SatProc: an open-source library to train and deploy Deep Segmentation Neural Nets for geospatial imagery.
2021-10-01, 13:00–13:30, Córdoba

Training deep learning models with geospatial imagery is hard. You need to transform the imagery to feed the neural network taking into account the geospatial side of the data. In this workshop, we show how to easily train and deploy deep segmentation networks like U-NET with geospatial imagery using the open-source library SatProc.

SatProc library aims to detect and classify different objects of interest using satellige images and Deep Neural Networks, such as burned areas or informal assessments through massive areas.

It is divided into four main steps. The former, downloads and preprocessing images for subsequent training of the model and future predictions over them. The second step is training the machine learning model. The third one is model prediction over a region of interest. And the last one results in post-processing and presentation. Each one is described in more detail next. The purpose of image pre-processing is to generate good quality and quantity set of images to train the model. Besides, as the model consists of a classification and segmentation neural network, we need a binary mask for each image that determines the object of interest to be classified in it.

This Python (with TensorFlow) library has several features such as the creation of data sets for model training, which contains two folders. The first one with the images themselves and another one with a binary mask of the same size with delimitations of the object of interest. Training and prediction can be done with images of different sizes and intensities which can improve model quality and performance. The tool considers an original image and vectorial layers with the object of interest. In case we work with many categories then the mask will have a binary band for each one (N-Dim). The Model is a neural network with a U-Net architecture. It segments and classifies objects. On the one hand, the input is a set of images and masks, where each one is an N-dimensional binary image with many bands as categories to be analyzed. On the other one, the output of the model is an N-dimensional set of images in which each dimension corresponds to the prediction of each category. This means that the bands show a value between zero and one for each pixel.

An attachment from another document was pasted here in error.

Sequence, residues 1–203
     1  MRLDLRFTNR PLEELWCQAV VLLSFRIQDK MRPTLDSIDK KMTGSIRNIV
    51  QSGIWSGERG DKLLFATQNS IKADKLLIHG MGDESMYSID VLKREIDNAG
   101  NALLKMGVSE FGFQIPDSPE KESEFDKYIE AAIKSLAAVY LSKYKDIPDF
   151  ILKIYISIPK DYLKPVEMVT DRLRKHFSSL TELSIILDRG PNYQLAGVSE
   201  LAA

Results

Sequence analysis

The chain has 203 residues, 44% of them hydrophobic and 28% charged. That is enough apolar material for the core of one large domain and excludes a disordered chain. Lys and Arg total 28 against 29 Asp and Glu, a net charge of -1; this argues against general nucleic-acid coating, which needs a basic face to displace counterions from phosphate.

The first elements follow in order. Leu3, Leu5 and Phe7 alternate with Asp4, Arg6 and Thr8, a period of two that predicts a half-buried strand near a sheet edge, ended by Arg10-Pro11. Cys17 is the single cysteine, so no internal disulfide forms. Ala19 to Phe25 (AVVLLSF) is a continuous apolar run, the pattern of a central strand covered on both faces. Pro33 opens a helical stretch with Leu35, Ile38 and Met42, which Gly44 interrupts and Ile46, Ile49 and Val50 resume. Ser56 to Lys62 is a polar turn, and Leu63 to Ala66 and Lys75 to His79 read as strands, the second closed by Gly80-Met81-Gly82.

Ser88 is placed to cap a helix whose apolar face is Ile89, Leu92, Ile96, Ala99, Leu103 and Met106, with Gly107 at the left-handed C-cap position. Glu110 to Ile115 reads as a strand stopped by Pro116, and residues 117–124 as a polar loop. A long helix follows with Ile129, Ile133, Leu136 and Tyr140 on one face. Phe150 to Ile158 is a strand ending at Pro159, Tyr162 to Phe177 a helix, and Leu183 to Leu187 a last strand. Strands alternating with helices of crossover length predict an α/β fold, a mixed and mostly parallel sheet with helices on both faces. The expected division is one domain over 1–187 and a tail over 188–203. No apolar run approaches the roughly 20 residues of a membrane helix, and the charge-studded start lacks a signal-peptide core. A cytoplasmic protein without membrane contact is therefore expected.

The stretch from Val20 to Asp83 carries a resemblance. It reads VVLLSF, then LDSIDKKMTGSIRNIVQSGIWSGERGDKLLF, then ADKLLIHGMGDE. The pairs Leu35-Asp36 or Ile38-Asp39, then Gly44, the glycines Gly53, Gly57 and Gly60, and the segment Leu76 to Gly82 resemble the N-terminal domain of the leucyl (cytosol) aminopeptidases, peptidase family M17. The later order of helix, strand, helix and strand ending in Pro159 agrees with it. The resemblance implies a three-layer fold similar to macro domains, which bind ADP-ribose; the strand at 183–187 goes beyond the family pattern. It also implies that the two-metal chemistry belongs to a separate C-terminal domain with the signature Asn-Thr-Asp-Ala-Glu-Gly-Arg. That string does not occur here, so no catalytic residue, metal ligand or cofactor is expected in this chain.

This model has the advantage to enable adding extra information to an image like a GIS layer to improve model performance. During the prediction process, all images of the area of interest are processed by the model. In this step, the image can have different sizes compared to the training data set as the model learns the patrons defining the objects, beyond their size. The post-process focuses on the quality of the results. In this step, the prediction noise is removed. In some cases, the results are converted into an Shp file to extract useful information such as the total area of prediction or to present them together with a map or other information layer.

Authors and Affiliations

María Roberta Devesa, Dymaxion Labs
Damián Silvani, Dymaxion Labs
Federico Bayle, Dymaxion Labs

Requirements for the Attendees

Main repo (to be translated this month)

Experience in Machine Learning and Python.

Download sample imagery from cloud storage.


Use cases & applications


FOSS4G implementations in strategic application domains: land management, crisis/disaster response, smart cities, population mapping, climate change, ocean and marine monitoring, etc.


3 - Medium. Advanced knowledge is recommended.

Language of the Presentation


Senior Data Scientist in Dymaxion Labs and Ph.D. in Physics ( High Energy Experimental Physics, University of Buenos Aires).